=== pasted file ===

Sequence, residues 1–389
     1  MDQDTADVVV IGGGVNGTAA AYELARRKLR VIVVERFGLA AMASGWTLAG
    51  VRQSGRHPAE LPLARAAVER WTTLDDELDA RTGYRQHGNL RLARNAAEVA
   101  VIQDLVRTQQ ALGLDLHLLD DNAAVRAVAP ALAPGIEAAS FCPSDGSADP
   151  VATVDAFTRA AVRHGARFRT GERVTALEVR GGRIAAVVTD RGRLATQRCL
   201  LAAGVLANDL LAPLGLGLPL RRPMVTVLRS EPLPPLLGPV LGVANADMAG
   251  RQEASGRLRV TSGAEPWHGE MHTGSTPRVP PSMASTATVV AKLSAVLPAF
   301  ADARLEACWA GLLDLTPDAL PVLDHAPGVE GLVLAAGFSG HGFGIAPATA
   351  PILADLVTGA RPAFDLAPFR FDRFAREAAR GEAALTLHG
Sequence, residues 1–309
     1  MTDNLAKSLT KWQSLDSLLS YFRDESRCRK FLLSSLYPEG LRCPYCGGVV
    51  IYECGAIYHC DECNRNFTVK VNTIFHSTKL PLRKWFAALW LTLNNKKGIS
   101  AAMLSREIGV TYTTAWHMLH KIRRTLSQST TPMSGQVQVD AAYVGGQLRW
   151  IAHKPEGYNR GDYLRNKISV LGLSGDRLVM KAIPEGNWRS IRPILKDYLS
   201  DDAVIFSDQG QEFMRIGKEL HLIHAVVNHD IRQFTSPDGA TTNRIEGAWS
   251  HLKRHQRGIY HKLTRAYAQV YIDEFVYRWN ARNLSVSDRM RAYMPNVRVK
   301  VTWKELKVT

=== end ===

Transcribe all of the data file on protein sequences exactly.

Sequence, residues 1–389
     1  MDQDTADVVV IGGGVNGTAA AYELARRKLR VIVVERFGLA AMASGWTLAG
    51  VRQSGRHPAE LPLARAAVER WTTLDDELDA RTGYRQHGNL RLARNAAEVA
   101  VIQDLVRTQQ ALGLDLHLLD DNAAVRAVAP ALAPGIEAAS FCPSDGSADP
   151  VATVDAFTRA AVRHGARFRT GERVTALEVR GGRIAAVVTD RGRLATQRCL
   201  LAAGVLANDL LAPLGLGLPL RRPMVTVLRS EPLPPLLGPV LGVANADMAG
   251  RQEASGRLRV TSGAEPWHGE MHTGSTPRVP PSMASTATVV AKLSAVLPAF
   301  ADARLEACWA GLLDLTPDAL PVLDHAPGVE GLVLAAGFSG HGFGIAPATA
   351  PILADLVTGA RPAFDLAPFR FDRFAREAAR GEAALTLHG
Sequence, residues 1–309
     1  MTDNLAKSLT KWQSLDSLLS YFRDESRCRK FLLSSLYPEG LRCPYCGGVV
    51  IYECGAIYHC DECNRNFTVK VNTIFHSTKL PLRKWFAALW LTLNNKKGIS
   101  AAMLSREIGV TYTTAWHMLH KIRRTLSQST TPMSGQVQVD AAYVGGQLRW
   151  IAHKPEGYNR GDYLRNKISV LGLSGDRLVM KAIPEGNWRS IRPILKDYLS
   201  DDAVIFSDQG QEFMRIGKEL HLIHAVVNHD IRQFTSPDGA TTNRIEGAWS
   251  HLKRHQRGIY HKLTRAYAQV YIDEFVYRWN ARNLSVSDRM RAYMPNVRVK
   301  VTWKELKVT